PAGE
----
Crime Scene Sketching Assignment .CRIME SCENE SKETCHING CRIME SCENE SKETCHING Before the jury hears

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    Before the jury hears testimony about conditions at a crime scene, before blood evidence is collected for DNA analysis, before latent fingerprint development begins, even before the area around a body is combed for clues,, the crime scene is documents by sketching and photography.

    There are two phases to crime scene sketching - the rough sketch (draft) and the finished sketch (draft). The most common view used in crime scene sketches is the birds eye view. This is the view of the scene as from directly above. Which does not include the appearance or contents of vertical surfaces like walls or cabinets. An elevation is the view from the side, and is always accompanied by the cardinal direction. For example, a particular view may be the elevation of the north wall of the living room, Smith residence, 1313 Mockingbird Lance, 01 Jan 2009 The address, date and your initials must be on each sketch, in addition to any other chain of custody documentation.

    During the initial evaluation of the scene, an investigator must select two points of reference like the north exterior wall or a window or the main entry door. These must be immovable, permanent feature of the building or landscape. To generate a rough sketch, the investigator measures the dimensions of the space and uses these points to accurately characterize the contents of the scene. Major items of interest, like a body or a weapon, are located in reference to these points. For example, the investigator may select the south exterior wall of a home and the back door, located in the kitchen, as two points of reference in a crime scene focused on the kitchen and stairs to the basement. The sketch should begin with the dimensions of the room(s) involved and the footprint of the dwelling, as well as the orientation of the building to due north as it would appear on a map. The property surrounding the building, like the distance to a road, other buildings, or vehicles, may also be relevant to the investigation, so communication with the other investigators on scene is important during this portion of the crime scene analysis.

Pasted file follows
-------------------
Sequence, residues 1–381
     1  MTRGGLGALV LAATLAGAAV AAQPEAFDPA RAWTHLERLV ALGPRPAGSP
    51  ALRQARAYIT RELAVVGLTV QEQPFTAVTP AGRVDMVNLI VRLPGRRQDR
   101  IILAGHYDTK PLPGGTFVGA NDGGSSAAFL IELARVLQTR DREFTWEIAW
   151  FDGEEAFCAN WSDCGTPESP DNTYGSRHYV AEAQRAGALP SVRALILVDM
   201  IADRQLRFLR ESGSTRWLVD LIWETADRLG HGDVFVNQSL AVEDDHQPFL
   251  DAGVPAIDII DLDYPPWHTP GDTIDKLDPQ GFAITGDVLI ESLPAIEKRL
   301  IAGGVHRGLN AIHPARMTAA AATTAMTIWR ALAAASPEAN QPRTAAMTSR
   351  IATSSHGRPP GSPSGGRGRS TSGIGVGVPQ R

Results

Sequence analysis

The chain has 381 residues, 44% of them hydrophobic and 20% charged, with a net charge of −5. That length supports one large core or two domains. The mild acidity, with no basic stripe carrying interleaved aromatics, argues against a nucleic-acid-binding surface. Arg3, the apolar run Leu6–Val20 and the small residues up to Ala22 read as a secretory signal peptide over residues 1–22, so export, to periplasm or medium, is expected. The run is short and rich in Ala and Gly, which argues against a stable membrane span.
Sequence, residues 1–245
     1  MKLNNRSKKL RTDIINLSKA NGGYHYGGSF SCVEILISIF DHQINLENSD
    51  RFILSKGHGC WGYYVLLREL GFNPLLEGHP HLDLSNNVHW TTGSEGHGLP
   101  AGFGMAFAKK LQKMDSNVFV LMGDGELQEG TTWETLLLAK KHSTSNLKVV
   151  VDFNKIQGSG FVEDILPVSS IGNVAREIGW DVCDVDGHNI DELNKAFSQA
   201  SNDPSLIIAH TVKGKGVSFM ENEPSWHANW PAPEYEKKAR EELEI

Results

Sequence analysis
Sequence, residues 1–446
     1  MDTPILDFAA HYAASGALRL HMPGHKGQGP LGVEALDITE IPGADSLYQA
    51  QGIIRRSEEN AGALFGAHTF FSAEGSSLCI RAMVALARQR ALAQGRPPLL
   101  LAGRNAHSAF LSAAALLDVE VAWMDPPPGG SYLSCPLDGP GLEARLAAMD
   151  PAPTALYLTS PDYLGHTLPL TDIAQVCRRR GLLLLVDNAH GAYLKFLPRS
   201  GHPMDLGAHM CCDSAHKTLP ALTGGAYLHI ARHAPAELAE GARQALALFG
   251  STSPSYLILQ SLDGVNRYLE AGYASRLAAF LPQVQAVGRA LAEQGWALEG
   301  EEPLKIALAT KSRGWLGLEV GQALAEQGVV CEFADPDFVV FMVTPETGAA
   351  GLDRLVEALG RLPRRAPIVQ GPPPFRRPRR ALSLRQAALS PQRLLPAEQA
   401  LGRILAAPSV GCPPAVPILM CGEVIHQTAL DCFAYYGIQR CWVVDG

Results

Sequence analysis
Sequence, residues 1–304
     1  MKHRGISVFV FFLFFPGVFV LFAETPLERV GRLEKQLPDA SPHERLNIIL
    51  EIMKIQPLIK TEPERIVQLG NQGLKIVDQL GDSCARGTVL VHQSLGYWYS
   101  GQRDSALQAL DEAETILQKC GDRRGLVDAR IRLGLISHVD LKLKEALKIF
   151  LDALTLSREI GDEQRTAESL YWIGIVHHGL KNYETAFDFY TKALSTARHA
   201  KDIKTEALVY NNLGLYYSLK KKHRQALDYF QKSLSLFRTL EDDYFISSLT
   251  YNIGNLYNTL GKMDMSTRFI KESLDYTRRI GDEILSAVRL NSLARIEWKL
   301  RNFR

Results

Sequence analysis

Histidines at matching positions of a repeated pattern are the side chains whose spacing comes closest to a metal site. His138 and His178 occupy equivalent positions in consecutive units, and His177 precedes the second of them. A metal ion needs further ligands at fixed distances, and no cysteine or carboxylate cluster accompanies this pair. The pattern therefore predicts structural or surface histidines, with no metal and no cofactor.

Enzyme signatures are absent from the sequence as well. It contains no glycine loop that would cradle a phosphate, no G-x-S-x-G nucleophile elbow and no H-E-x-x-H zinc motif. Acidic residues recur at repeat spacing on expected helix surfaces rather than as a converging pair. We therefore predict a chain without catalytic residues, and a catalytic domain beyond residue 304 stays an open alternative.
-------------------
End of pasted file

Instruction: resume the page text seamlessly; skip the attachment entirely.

Once the floor plan of the building is documented, the specific contents are recorded. You must be sure to search the room in a methodical way, which is most commonly done by walking in a circle around the room, spiraling clockwise toward the center. Furniture, blood spatter, bodies, weapons, and any other items of interest should be included on the drawing with the distance from each item to the two reference points determined earlier. It is not necessary to draw each item. Rather, a letter or number should be assigned to each and then included in the sketch. Be sure to correlate the letter or number with the photographs as well.

    Any details like odors, sounds, or other facts not encompassed by the sketch should be recorded in your notebook. The level of detail should be sufficient to adequately refresh your memory when and if you are called to testify in court. After the scene has been properly documented, a finished sketch is prepared in a controlled environment, like back in the lab or the office, or in your case at home! It should be a neat version of the rough sketch clearly drawn to scale. Computer programs or printed cut-and-paste kits are also used by some law enforcement agencies to generate finished sketches.

    Crime Scene Sketching Assignment


    1. Generate a finished sketch from the rough sketch attached.

    2. It is necessary to draw the room to scale, meaning that the distance recorded in the rough sketch are the same proportion in the finished sketch. This can easily be accomplished by using graph paper. Remember, the utility of the finished sketch is that it will be entered into evidence and will be presented in court if and when the case goes to trial.

    3. Note the location of any evidence you discover. Include those measurements in your sketch.

    4. Indicate the length along each wall, as well as the exact location and size of items like sofas, chairs, and tables. Remember, your sketch will have to provide orientation within the crime scene to other investigators months and years from now-so make it as detailed and as accurate as you can.

    5. Your finished sketch should correct any mistakes from the rough draft. This gives you the opportunity to present a clean, clearly arranged diagram of the scene. Be sure to include the address, time, date, (T/P/O) and your name on each and every sketch generated during your investigation. Also include the items of evidence listed on the sketch and indicate the location using the assigned letter (a legend).

    6. On the reverse of your finished sketch, list the physical evidence you believe may be relevant to this investigation and make recommendations about how each should be tested (i.e., sent to DNA laboratory, examined for trace, dusted for fingerprints, collected and taken to the laboratory for tool marks or footprint comparison, etc.). You may want to set it up in a table format similar to this:

    Item Suggested Method of Analysis

    ____________ __________________________

    ____________ __________________________

    Adapted from Sirchie Fingerprint Laboratories, Crime Scene Sketching and Digital Photography

    Crime Scene Sketching Assignment

  • Crime Scene Sketching Assignment